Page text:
How We Built the Future of Shared Mobility Within Four Weeks

The emerging trend of Scooter Sharing

In the past few years, we have witnessed the strong growth of new mobility services in cities with ride-hailing like Uber, Didi or mytaxi, and carsharing like car2go, Maven and DriveNow. Just recently, an emerging new trend topped all growth statistics in Europe. Scooter sharing has been largely embraced by users in major cities all over Europe. Operators almost quadrupled their fleet sizes from 2,000 in 2016 to over 8,000 scooters in 2017[i]. It is expected that the scooter sharing market will soon outgrow the free floating carsharing market in terms of fleet size. Why is there such strong growth? With scooter sharing, users can be part of the electric revolution as more than 92% of shared scooters are electric today [ii]. Finding a parking spot is usually quick and easy. In short, shared scooters are environmentally friendly, convenient and easy to use, create less congestion, are cheap and fun to ride, while at the same time they present an attractive business opportunity for operators.

Seamless user-experience

Registration. The user experience typically starts with a registration process for the respective mobility service. A lot of progress has been made in this area including an all-digital verification process as opposed to visiting the operator’s office. However, it still takes a few minutes and a reliable data connection, which can be cumbersome for some users. Blockchain technology makes it possible to establish a secure digital identity online, which can include a driver’s license and can then be used securely and instantaneously across multiple services such as other mobility offerings.

High availability of scooters

For users to flock to such a shared scooter mobility service and to meet their expectations and needs, high availability must be maintained. Therefore, with more users, the fleet must grow accordingly. Blockchain technology can facilitate growth of fleets and reduce costs for operators.

Stable and always-on service

The highly distributed, decentralized architecture of blockchain technology eliminates single points of failure and contributes to an always-on mobility service. This leads to a shift in focus towards the devices connected to the blockchain and their data connection. Only with a proven and robust technology stack that scales to many scooters as well as users, one of the most important success criterions can be achieved: reliability! This is key for every shared mobility service. Users rely on mobility services in their everyday lives to go to work, run errands, visit friends and they will only adopt these services in the long term when their trust is not being disappointed. The service has to simply work.

The solid foundation for our vision: Shared Mobility OS

When thinking of a blockchain project that involves vehicles, whether it be for shared mobility services or anything else, the first question to ask is: How do you get a live copy of a physical object in the digital space? We call this copy “the digital twin”.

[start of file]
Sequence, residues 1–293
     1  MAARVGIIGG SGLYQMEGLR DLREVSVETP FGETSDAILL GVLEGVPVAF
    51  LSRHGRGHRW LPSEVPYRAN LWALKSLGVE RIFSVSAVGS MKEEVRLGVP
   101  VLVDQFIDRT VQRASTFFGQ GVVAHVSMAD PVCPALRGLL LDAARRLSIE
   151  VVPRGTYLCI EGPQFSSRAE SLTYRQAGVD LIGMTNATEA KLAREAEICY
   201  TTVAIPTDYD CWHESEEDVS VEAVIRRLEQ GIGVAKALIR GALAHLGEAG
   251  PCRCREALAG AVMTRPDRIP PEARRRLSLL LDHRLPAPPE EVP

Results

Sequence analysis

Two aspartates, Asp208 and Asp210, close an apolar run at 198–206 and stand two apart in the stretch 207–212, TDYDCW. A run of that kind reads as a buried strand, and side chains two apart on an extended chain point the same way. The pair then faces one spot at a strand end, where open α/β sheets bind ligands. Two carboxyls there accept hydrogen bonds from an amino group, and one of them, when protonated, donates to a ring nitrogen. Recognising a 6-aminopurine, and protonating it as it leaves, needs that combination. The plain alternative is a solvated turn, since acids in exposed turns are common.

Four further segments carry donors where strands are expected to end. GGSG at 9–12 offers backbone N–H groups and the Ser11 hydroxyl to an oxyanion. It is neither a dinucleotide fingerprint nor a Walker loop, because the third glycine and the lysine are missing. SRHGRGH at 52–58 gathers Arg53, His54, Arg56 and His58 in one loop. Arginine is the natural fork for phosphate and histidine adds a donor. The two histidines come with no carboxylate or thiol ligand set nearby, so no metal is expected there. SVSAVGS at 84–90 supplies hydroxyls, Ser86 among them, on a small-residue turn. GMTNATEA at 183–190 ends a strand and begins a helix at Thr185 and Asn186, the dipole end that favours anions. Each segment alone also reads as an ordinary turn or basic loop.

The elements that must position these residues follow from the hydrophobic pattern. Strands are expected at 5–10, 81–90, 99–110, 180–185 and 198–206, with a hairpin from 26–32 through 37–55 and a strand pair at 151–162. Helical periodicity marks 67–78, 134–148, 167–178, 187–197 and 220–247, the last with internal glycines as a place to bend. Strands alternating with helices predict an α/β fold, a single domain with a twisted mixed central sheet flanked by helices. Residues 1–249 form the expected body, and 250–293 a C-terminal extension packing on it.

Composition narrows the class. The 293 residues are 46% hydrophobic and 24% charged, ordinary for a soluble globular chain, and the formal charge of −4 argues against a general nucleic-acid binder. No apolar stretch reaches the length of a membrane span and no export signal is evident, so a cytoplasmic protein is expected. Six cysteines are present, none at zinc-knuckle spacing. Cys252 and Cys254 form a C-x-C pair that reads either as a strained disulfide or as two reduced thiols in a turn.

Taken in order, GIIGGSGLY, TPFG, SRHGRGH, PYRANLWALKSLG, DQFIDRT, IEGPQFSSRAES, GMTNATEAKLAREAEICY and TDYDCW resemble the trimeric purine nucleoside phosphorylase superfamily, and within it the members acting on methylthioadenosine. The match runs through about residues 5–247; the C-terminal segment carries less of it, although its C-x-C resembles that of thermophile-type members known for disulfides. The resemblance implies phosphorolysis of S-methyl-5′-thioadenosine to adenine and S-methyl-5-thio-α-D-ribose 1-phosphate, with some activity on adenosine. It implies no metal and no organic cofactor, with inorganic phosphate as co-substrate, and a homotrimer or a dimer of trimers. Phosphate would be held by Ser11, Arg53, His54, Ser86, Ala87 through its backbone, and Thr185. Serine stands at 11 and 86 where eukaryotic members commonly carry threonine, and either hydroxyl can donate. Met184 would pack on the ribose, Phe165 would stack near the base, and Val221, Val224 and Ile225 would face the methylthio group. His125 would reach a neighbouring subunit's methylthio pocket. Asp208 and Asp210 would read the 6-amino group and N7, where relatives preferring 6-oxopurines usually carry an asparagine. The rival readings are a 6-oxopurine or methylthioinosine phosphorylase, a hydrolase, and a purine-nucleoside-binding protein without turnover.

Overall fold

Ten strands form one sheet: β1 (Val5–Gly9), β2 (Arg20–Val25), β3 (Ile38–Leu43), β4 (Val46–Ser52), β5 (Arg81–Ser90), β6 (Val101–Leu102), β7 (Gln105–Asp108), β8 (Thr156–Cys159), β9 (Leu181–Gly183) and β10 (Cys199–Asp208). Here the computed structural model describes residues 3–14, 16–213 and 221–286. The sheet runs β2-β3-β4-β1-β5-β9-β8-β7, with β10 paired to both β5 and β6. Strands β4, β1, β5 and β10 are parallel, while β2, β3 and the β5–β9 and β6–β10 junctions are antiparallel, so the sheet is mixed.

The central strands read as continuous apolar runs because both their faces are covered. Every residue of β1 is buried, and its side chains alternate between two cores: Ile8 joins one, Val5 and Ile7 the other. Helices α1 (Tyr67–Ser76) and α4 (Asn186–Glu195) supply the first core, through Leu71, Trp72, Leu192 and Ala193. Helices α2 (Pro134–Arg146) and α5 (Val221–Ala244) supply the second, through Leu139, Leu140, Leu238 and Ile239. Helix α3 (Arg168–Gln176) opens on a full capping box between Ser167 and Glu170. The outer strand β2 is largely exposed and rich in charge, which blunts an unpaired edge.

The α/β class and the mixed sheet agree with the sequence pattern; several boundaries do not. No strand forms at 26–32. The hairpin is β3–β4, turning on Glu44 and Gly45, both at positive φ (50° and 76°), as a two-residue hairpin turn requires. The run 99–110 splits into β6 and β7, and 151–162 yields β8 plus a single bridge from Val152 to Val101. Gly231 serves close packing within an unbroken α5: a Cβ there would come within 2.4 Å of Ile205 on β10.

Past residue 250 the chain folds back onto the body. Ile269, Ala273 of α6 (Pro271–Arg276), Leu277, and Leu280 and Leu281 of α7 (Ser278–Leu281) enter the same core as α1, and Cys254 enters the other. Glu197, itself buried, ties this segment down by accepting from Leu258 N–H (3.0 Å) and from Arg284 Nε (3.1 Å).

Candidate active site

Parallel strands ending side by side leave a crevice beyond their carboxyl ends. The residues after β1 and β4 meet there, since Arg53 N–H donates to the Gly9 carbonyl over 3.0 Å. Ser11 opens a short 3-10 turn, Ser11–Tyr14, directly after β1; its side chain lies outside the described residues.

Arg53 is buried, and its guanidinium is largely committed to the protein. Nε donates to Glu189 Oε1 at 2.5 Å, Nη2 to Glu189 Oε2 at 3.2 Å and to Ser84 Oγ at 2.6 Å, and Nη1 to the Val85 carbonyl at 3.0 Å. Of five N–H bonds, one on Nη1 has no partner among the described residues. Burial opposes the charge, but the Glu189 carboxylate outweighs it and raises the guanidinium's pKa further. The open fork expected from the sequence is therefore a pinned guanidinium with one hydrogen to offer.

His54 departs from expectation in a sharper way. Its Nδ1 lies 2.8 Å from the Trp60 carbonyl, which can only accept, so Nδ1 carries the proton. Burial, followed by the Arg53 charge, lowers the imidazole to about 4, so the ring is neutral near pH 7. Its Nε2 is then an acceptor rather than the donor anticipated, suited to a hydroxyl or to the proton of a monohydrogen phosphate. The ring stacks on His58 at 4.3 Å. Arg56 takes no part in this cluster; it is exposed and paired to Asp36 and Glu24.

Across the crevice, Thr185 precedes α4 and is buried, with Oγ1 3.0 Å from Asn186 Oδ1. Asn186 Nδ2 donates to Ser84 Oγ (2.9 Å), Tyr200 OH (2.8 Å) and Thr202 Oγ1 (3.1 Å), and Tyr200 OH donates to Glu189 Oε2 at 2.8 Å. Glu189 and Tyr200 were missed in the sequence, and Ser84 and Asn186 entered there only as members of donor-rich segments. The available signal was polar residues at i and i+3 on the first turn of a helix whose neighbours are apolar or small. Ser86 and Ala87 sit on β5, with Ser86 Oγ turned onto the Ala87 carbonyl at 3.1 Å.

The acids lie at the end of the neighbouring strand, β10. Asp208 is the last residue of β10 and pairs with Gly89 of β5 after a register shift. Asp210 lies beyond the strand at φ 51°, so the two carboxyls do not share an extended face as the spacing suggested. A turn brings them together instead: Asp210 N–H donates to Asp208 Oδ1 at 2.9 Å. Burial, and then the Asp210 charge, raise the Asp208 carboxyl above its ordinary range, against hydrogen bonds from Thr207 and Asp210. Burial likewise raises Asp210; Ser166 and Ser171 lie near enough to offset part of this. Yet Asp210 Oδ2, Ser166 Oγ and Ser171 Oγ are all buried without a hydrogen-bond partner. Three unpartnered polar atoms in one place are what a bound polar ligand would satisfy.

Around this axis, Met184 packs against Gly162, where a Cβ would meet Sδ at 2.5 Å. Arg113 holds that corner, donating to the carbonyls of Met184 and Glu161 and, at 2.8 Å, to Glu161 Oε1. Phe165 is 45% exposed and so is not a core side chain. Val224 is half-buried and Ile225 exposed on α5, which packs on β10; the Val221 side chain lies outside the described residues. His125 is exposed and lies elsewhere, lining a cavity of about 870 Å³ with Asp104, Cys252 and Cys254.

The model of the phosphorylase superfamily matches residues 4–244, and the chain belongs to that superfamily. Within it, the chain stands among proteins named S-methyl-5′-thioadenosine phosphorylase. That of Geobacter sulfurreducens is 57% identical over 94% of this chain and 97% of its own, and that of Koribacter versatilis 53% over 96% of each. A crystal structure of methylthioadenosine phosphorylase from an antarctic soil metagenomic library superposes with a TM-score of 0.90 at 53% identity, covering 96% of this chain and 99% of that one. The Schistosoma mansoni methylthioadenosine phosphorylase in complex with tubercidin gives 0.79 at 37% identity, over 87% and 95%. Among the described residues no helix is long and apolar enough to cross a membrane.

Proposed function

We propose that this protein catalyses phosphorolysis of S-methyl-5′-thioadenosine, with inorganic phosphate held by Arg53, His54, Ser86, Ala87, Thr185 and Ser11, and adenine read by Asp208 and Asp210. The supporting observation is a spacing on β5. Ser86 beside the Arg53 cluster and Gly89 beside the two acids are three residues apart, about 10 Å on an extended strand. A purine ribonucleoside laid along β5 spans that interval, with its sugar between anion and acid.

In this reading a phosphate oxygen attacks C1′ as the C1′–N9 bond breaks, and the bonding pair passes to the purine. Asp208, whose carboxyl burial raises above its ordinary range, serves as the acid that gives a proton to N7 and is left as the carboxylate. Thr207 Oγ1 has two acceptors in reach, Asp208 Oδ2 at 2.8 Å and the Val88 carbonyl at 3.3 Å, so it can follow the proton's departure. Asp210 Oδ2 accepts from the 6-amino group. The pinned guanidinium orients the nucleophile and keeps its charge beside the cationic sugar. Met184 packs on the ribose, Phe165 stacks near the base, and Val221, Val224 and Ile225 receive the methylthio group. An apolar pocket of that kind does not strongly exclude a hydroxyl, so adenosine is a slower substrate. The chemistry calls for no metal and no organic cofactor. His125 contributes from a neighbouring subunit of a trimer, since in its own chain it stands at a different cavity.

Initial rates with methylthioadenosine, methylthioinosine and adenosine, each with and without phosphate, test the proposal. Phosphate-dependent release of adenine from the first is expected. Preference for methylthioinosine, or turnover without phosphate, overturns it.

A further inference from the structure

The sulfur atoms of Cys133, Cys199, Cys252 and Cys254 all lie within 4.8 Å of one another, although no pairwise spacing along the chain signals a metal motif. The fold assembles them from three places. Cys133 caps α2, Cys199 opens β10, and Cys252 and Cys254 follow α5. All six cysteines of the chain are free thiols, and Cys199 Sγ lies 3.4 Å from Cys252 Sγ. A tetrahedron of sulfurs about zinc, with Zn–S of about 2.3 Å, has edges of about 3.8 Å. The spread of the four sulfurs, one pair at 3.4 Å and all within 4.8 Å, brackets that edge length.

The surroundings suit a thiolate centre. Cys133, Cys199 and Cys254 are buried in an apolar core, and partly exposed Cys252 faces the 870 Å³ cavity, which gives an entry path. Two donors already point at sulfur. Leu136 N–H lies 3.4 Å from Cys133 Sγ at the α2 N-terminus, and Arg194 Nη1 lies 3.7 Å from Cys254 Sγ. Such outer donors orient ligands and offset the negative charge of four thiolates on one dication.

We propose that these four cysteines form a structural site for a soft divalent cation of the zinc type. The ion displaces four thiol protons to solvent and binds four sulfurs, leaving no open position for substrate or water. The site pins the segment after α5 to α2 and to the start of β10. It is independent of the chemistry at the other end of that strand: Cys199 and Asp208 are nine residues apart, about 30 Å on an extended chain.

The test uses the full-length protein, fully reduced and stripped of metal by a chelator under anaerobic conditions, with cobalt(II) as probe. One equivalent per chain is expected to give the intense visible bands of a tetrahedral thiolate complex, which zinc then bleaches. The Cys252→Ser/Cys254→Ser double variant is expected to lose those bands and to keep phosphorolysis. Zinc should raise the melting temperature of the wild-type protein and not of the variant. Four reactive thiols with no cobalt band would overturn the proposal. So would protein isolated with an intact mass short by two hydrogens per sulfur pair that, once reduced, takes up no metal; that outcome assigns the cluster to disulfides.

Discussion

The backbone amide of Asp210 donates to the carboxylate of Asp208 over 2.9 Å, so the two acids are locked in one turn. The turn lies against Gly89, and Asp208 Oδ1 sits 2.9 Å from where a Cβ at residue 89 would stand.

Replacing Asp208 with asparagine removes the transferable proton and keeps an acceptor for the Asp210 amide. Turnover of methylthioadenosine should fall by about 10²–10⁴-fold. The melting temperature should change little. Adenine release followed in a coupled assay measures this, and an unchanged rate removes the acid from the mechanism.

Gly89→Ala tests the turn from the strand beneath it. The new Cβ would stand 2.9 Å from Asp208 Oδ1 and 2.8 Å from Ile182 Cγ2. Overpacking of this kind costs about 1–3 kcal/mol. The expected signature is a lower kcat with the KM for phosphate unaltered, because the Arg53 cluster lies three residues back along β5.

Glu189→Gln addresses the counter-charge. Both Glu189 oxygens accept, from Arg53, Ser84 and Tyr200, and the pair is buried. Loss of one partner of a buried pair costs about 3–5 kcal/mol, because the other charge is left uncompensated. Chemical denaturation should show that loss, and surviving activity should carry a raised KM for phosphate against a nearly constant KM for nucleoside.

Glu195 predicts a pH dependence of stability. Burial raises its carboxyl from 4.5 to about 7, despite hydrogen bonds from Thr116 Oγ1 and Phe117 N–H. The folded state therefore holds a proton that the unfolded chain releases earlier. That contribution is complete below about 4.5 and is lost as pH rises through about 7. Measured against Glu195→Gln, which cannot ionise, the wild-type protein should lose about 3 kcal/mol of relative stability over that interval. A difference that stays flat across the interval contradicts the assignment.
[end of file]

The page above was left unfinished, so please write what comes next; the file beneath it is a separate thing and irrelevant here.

How was it done?

In the following parts we will discuss in detail how we adapted Shared Mobility OS in 4 weeks to run an entirely blockchain-based scooter sharing rental process. We focused on the scenario that a user has seen a scooter in the street and is now in front of it, ready to use it immediately.

  • Booking a scooter to start a rental
  • Returning a scooter and ending the rental
Figure 1: Beginning of the user dialogue
Figure 2: Available help for the user
Figure 3: Dialog for booking a scooter
Figure 4: Signing the payment transaction
Figure 5: Dialog for booking a scooter (continued)
Figure 6: Dialog for returning a scooter

How did we build it?

Figure 7 shows the architecture of the the ÐApp. The project consists of the following parts, which will be discussed in detail in the following subsections.

  • a frontend for users to booking and returning scooters
  • a wallet for administrators to manage accounts, funds and smart contracts
  • smart contracts for booking and returning scooters
  • transactions enabling the interaction between users and smart contracts
  • messages enabling the interaction between smart contracts
  • events (log entries) triggered by transactions
  • an app watching for events and sending requests to the scooter via Cloudboxx API as part of Shared Mobility OS
  • a scooter equipped with a Cloudboxx and integrated in Shared Mobility OS
Figure 7: Architecture of the ÐApp

Frontend

We used Status to provide a mobile ÐApp interface. The interface is described in detail in section “How does it look like?”. Status is the gateway to the Ethereum ecosystem for Android and iOS. Status combines a messenger and a browser. It acts as a platform for everyday smartphone users to begin using ÐApps, and a simple way for ÐApp developers to reach new users. In 2017, we are still only at the dawn of the Ethereum ecosystem. But given time, Status will evolve into a seamless way to interface with a full suite of decentralized applications and services.

Wallet

A wallet is a gateway to decentralized applications on the Ethereum blockchain. It allows a user to hold and secure Ether, as well as write, deploy and use smart contracts. Popular wallets are the Ethereum Wallet (www.ethereum.org) or Parity (www.ethereum.org). We used Parity for deploying the smart contracts in the project to

  • create accounts (addresses),
  • edit and compile smart contracts,
  • deploy smart contracts to the blockchain,
  • send transactions, and
  • inspect events.

Smart contracts

Smart contracts are programs written in the Solidity programming language[iii]. There are currently two smart contracts, Registry.sol to register users and EScooter.sol representing one escooter (see Figures 8–10):

Figure 8: Smart contracts (Screenshot from Parity)